DELIVERING SUPPORT FOR SMALL AND MEDIUM ENTERPRISES IN NIGERIA: A CASE FOR UNBUNDLING OF THE CENTRAL BANK OF NIGERIA
By Uwem Essia
This paper set out to examine the major constraints to effective delivery of support for enterprises in Nigeria, and identify key reforms required in the banking system to promote indigenous enterprises. Banks are identified as the major provider of finance and other support services to enterprises. But the paper argues that money deposit banks in Nigeria are generally incapacitated by high transactions cost, high cost of obtaining seed capital, and inadequate institutional support from the Central Bank. The Central Bank of Nigeria (CBN) is currently preoccupied with macroeconomic stabilization, while its development roles are largely ignored, and it is difficult for private banks to source long-term seed capital, independently, in a fiscally centralized economy; where the microeconomic fundamentals have remained weak, inflow of foreign capital is low and uncertain, and the federal government prefers to reduce its active involvement in the real sector without relinquishing its dominance in the sharing of revenue from the Federation Account. The paper recommends therefore that the current CBN be unbundled into three core development finance institutions, namely; a central monetary regulator, a set of (reserve) bankers/government banks, and a national investment facilitating/market making institution. Unbundling the CBN along such specialised lines will promote efficiency and ensure that macroeconomic policies have the appropriate microeconomic foundations.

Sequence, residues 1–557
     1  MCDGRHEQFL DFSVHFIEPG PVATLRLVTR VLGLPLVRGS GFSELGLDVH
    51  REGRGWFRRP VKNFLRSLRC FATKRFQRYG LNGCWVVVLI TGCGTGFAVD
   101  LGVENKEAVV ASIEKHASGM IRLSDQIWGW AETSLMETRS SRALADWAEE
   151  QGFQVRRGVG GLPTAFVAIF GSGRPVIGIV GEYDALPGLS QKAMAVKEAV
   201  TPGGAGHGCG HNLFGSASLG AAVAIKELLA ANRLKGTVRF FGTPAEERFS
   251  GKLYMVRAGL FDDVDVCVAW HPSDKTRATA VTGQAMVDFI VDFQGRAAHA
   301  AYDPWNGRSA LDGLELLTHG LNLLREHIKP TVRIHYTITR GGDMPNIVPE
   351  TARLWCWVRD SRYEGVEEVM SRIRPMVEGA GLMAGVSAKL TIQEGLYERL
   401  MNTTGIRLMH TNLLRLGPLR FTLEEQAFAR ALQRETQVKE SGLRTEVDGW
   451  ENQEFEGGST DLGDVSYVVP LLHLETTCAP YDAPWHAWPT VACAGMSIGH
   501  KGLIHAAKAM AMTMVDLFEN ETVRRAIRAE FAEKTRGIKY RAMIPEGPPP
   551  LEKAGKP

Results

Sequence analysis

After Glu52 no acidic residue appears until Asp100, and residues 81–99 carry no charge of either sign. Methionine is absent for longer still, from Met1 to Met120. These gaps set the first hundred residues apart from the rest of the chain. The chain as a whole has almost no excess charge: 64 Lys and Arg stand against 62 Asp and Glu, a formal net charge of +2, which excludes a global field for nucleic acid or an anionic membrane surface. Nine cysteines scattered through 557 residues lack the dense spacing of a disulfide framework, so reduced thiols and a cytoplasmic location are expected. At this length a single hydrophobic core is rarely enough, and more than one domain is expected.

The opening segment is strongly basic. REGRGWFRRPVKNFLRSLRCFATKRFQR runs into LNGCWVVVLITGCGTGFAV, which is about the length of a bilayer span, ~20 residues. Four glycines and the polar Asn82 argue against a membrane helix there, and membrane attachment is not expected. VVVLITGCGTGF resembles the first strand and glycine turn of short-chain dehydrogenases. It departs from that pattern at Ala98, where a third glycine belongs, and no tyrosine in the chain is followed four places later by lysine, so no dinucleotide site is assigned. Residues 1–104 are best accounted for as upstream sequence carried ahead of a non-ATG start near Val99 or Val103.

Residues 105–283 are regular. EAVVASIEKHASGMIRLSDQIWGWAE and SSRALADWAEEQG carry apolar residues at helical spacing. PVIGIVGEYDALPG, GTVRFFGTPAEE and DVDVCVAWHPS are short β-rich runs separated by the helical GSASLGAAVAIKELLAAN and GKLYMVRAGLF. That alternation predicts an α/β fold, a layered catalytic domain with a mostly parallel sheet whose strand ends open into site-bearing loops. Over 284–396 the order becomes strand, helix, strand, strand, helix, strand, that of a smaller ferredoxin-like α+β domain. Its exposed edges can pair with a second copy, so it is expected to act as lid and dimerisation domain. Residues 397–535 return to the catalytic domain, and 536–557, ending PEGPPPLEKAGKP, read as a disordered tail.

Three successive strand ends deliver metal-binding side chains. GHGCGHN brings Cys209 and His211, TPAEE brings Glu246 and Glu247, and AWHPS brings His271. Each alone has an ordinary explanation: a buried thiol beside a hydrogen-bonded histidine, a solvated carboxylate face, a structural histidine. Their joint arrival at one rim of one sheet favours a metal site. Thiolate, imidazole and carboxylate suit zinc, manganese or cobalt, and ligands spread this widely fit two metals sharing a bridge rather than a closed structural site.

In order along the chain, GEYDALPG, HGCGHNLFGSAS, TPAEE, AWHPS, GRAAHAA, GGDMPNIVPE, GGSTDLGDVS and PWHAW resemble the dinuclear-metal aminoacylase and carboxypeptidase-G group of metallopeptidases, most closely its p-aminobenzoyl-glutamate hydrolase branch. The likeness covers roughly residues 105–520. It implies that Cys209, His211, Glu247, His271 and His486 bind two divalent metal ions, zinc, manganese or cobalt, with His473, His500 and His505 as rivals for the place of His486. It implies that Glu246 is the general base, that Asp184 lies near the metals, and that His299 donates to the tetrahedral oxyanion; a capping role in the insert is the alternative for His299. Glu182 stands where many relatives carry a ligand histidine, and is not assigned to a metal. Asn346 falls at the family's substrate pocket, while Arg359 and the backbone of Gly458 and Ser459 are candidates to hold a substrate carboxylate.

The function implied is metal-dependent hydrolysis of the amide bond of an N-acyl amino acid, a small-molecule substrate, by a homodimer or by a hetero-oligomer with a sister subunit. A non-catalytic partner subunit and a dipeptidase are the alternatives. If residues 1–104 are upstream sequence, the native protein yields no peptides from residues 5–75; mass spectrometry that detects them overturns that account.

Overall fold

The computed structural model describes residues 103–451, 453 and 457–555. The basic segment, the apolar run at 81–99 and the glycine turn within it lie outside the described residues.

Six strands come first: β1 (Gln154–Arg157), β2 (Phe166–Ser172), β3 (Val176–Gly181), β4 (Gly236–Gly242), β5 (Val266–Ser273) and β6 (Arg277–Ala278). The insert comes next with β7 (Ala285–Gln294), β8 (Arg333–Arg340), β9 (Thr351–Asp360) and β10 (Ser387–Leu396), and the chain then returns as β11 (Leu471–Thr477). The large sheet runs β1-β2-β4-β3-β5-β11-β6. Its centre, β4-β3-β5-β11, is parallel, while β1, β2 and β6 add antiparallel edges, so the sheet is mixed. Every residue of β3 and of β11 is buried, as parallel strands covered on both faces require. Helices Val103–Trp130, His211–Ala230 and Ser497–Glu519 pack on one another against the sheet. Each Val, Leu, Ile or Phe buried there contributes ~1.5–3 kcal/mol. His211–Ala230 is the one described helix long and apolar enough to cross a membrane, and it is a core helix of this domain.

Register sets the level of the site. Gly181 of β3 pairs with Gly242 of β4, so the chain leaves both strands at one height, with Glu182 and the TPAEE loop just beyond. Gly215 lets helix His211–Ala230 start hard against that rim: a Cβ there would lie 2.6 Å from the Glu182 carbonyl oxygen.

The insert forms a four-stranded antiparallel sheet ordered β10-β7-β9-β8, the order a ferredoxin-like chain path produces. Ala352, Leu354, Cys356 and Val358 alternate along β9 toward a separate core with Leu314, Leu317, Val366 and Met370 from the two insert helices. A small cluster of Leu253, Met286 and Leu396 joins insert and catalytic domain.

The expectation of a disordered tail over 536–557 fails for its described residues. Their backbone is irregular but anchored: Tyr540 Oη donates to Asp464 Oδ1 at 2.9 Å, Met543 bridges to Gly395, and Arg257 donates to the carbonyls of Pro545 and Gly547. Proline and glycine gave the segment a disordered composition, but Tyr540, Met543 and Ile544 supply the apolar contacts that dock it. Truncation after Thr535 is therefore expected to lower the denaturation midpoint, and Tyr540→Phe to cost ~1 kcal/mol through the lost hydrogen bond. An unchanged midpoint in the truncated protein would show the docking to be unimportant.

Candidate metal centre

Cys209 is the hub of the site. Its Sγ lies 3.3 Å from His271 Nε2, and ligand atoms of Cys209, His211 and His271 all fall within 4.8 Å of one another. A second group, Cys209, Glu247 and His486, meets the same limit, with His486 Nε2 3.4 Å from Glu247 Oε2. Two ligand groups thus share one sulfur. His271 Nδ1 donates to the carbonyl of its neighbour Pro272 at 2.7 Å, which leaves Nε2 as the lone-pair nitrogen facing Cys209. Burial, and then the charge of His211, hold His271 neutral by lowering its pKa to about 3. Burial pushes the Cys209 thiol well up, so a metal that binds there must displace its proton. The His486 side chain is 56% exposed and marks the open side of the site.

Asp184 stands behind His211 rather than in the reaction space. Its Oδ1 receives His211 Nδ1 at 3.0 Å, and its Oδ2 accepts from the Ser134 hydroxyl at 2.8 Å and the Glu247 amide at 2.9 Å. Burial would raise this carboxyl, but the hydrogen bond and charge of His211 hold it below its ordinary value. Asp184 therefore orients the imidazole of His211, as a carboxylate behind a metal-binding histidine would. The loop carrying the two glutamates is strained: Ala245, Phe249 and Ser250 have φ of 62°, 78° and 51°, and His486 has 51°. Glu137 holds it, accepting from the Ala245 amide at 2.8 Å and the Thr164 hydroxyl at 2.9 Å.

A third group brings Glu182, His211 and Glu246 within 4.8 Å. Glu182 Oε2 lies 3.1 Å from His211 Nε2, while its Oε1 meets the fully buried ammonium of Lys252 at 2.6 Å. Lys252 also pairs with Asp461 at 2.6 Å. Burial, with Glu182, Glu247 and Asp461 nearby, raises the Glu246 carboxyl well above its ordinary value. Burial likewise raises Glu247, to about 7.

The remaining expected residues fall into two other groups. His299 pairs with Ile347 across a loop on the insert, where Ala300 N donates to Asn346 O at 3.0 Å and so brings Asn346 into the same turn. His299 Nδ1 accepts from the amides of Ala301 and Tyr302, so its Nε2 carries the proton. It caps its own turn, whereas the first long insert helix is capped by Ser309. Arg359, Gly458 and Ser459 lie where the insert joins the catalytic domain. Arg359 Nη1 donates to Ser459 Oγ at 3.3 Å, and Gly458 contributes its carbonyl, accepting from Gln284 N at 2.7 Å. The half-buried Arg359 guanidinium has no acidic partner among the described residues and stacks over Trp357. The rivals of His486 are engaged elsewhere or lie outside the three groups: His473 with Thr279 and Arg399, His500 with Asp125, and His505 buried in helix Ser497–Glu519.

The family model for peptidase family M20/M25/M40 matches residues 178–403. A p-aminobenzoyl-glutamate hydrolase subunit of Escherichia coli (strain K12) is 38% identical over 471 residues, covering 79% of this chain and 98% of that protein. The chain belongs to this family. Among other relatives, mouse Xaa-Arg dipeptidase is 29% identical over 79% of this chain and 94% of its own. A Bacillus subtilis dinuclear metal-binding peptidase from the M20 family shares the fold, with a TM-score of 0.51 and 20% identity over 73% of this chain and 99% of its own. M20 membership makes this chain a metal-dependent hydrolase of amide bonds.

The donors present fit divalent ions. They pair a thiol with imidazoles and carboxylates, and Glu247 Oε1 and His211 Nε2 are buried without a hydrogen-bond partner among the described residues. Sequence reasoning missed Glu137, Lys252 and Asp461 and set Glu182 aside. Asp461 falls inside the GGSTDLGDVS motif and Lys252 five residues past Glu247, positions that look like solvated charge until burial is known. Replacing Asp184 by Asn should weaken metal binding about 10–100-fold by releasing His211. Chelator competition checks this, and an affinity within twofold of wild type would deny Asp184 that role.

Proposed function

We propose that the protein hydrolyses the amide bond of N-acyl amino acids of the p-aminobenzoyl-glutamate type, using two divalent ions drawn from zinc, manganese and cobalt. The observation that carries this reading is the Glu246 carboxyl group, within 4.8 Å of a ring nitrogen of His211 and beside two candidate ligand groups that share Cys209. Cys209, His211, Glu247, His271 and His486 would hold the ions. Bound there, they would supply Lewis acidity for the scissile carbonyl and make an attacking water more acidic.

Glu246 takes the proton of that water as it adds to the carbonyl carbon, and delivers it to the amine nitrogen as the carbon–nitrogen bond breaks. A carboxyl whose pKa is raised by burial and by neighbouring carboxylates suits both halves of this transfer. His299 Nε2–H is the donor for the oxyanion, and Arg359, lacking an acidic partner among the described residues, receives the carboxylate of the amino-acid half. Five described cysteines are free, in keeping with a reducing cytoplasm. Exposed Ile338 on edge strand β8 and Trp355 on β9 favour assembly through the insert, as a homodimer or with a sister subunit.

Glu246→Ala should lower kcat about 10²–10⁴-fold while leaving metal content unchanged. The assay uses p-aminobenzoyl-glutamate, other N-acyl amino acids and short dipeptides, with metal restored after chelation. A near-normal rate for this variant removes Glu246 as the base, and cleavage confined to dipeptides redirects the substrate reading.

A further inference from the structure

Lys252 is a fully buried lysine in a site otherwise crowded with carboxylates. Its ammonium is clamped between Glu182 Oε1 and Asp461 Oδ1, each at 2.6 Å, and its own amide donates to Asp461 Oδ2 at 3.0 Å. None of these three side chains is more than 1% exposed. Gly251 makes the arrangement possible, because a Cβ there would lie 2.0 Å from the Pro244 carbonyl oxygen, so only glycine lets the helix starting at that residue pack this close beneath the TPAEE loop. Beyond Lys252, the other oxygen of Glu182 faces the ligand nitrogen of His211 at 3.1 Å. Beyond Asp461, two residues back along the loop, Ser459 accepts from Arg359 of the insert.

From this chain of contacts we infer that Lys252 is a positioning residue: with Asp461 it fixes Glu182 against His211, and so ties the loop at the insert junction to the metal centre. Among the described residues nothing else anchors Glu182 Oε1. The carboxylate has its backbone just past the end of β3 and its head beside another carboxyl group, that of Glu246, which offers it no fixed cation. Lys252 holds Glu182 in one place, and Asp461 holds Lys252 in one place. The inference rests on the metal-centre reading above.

Keywords: Micro finance, Fiscal Centralization, Central Banks, Unbundling. Download